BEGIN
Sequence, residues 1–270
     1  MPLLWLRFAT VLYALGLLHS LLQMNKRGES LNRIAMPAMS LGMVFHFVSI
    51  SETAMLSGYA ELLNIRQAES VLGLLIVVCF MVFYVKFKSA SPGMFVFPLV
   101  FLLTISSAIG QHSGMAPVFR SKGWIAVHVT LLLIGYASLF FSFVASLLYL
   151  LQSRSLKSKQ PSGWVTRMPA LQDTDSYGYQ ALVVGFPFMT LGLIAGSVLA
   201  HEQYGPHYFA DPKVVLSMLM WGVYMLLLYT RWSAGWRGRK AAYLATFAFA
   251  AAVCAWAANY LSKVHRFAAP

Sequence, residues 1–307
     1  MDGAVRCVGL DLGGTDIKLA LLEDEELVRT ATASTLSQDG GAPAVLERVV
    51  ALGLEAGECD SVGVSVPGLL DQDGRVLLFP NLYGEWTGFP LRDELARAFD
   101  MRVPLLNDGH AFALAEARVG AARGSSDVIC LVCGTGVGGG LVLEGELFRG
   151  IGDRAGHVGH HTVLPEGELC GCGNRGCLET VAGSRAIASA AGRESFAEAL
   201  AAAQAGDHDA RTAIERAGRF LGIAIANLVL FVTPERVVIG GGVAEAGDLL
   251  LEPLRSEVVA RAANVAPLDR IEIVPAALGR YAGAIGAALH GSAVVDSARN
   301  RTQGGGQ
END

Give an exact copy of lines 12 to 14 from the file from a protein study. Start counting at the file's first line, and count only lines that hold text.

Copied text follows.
   151  IGDRAGHVGH HTVLPEGELC GCGNRGCLET VAGSRAIASA AGRESFAEAL
   201  AAAQAGDHDA RTAIERAGRF LGIAIANLVL FVTPERVVIG GGVAEAGDLL
   251  LEPLRSEVVA RAANVAPLDR IEIVPAALGR YAGAIGAALH GSAVVDSARN